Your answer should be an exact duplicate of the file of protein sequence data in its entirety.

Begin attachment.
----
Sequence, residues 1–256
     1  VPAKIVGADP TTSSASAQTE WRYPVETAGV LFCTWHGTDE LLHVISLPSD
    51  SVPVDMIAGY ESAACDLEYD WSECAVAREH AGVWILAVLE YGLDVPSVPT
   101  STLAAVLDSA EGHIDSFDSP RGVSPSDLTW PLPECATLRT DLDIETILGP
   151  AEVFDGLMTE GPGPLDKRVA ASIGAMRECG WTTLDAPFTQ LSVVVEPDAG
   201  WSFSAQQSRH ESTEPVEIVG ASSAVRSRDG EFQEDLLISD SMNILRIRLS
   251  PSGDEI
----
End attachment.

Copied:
Sequence, residues 1–256
     1  VPAKIVGADP TTSSASAQTE WRYPVETAGV LFCTWHGTDE LLHVISLPSD
    51  SVPVDMIAGY ESAACDLEYD WSECAVAREH AGVWILAVLE YGLDVPSVPT
   101  STLAAVLDSA EGHIDSFDSP RGVSPSDLTW PLPECATLRT DLDIETILGP
   151  AEVFDGLMTE GPGPLDKRVA ASIGAMRECG WTTLDAPFTQ LSVVVEPDAG
   201  WSFSAQQSRH ESTEPVEIVG ASSAVRSRDG EFQEDLLISD SMNILRIRLS
   251  PSGDEI